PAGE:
Sentence Examples with the word upon

The study of the differentiation of protoplasm was at that time seldom undertaken, and no particular attention was paid either to fixing it, to enable staining methods to be accurately applied to it, or to studying the action of chemical reagents upon it.

Yet this very aristocracy, whose claim to consideration was based not upon its own achievements but upon the length of its pedigrees, insisted upon an amplification of its privileges which endangered the economical and political interests of the state and the nation.

The supply of some of the most valuable, such as sable, silver and natural black fox, sea otter and ermine, which are all taken from animals of a more or less shy nature, does very gradually decrease with persistent hunting and the encroachment of man upon the districts where they live, but the climate of these vast regions is so cold and inhospitable that the probabilities of man ever permanently inhabiting them in numbers sufficient to scare away or exterminate the fur-bearing wild animals is unlikely.

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But the insistence of idealist writers upon the relation of the world of nature to conscious intelligence, and especially to a universal consciousness realizing itself throughout the history of individuals, rendered it alike impossible to deny altogether some influence of environment upon character, and to regard the history of individual willing selves as consisting in isolated and unconnected acts of.

If the nuisance arises from the absence or defective construction of any structural convenience, or if there is no occupier of the premises, the notice must be served upon the owner.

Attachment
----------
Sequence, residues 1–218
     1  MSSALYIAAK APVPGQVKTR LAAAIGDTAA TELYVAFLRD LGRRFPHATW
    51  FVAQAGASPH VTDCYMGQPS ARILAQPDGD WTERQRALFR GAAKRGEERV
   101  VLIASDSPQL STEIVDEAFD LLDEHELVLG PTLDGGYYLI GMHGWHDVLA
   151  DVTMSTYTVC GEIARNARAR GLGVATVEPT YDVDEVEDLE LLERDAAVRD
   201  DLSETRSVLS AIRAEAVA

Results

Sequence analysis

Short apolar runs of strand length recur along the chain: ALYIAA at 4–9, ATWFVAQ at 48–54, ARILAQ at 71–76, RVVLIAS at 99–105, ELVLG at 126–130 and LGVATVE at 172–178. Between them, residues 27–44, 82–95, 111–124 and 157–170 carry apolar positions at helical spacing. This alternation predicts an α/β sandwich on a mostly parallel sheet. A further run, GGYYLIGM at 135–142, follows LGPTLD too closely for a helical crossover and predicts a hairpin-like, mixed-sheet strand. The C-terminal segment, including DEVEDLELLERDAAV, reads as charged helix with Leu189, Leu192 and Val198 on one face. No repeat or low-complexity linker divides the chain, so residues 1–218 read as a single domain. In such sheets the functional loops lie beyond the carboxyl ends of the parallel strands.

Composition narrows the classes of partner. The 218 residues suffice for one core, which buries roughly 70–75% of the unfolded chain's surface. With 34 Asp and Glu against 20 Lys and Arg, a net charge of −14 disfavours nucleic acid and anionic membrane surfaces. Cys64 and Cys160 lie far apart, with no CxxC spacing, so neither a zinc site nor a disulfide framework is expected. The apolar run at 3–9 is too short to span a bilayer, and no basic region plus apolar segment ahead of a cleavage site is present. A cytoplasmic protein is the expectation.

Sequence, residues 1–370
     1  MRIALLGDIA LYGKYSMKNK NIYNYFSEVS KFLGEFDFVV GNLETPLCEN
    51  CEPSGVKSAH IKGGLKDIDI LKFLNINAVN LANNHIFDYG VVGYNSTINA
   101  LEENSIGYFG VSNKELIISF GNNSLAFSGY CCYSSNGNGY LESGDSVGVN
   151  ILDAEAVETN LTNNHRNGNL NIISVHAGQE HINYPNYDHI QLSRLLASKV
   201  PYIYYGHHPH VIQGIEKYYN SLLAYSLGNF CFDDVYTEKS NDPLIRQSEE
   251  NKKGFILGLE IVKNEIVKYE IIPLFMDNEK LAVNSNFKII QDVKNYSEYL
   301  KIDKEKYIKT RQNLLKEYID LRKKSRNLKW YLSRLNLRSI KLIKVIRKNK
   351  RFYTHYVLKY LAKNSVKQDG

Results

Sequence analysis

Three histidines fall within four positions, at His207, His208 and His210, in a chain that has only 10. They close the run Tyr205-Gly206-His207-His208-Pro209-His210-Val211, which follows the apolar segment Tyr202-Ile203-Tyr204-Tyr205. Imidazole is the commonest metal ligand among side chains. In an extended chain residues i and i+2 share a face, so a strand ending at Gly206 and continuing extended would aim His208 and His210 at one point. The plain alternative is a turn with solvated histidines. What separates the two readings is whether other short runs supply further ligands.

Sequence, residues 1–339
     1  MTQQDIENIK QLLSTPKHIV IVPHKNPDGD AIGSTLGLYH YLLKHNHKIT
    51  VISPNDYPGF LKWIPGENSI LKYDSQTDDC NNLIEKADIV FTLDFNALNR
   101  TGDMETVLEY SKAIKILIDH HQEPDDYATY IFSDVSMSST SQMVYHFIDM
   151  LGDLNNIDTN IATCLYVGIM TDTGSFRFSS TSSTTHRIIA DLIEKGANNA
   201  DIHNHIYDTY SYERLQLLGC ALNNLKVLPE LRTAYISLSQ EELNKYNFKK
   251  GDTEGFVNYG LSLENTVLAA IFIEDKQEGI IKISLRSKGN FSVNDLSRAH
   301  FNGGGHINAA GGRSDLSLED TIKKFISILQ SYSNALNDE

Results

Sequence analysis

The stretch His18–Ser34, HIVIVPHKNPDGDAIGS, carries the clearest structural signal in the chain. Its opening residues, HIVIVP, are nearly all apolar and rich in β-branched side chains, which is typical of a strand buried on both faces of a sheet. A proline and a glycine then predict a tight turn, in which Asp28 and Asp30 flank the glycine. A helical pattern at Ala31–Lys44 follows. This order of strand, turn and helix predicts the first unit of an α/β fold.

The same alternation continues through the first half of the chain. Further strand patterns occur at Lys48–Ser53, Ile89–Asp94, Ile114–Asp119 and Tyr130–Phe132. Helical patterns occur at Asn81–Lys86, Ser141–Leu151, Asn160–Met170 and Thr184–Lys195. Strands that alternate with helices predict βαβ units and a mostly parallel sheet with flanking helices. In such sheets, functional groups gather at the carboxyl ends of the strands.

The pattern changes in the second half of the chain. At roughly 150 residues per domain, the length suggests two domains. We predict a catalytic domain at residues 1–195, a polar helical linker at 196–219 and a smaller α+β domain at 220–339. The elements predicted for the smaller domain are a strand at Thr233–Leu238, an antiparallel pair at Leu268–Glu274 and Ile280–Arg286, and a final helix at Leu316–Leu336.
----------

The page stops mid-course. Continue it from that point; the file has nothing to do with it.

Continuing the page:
His mother's brother, William Ayscough, the rector of Burton Coggles, the next parish, was a graduate of Trinity College, Cambridge, and when he found that Newton's mind was wholly devoted to mechanical and mathematical problems, he urged upon Mrs Smith the desirability of sending her son to his own college.

Potassium nitrate was used at one time in many different diseased conditions, but it is now never administered internally, as its extremely depressant action upon the heart is not compensated for by any useful properties which are not possessed by many other drugs.

From the beginning of his reign he had been accumulating money, mainly for his own security against intrigues and conspiracies, and avarice had grown upon him with success.

We can account for this only by emphasizing the fact that the form of Caesar's government became as time went on more undisguised in its absolutism, while the honours conferred upon him seemed designed to raise him above the rest of humanity.

A benefice is avoided or vacated - (1) by death; (2) by resignation, if the bishop is willing to accept the resignation: by the In cumbents' Resignation Act 1871, Amendment Act 188 7, any clergyman who has been an incumbent of one benefice continuously for seven years, and is incapacitated by permanent mental or bodily infirmities from fulfilling his duties, may, if the bishop thinks fit, have a commission appointed to consider the fitness of his resigning; and if the commission report in favour of his resigning, he may, with the consent of the patron (or, if that is refused, with the consent of the archbishop) resign the cure of souls into the bishop's hands, and have assigned to him, out of the benefice, a retiring-pension not exceeding one-third of its annual value, which is recoverable as a debt from his successor; (3) by cession, upon the clerk being instituted to another benefice or some other preferment incompatible with it; (4) by deprivation and sentence of an ecclesiastical court; under the Clergy Discipline Act 1892, an incumbent who has been convicted of offences against the law of bastardy, or against whom judgment has been given in a divorce or matrimonial cause, is deprived, and on being found guilty in the consistory court of immorality or ecclesiastical offences (not in respect of doctrine or ritual), he may be deprived or suspended or declared incapable of preferment; (5) by act of law in consequence of simony; (6) by default of the clerk in neglecting to read publicly in the church the Book of Common Prayer, and to declare his assent thereto within two months after his induction, pursuant to an act of 1662.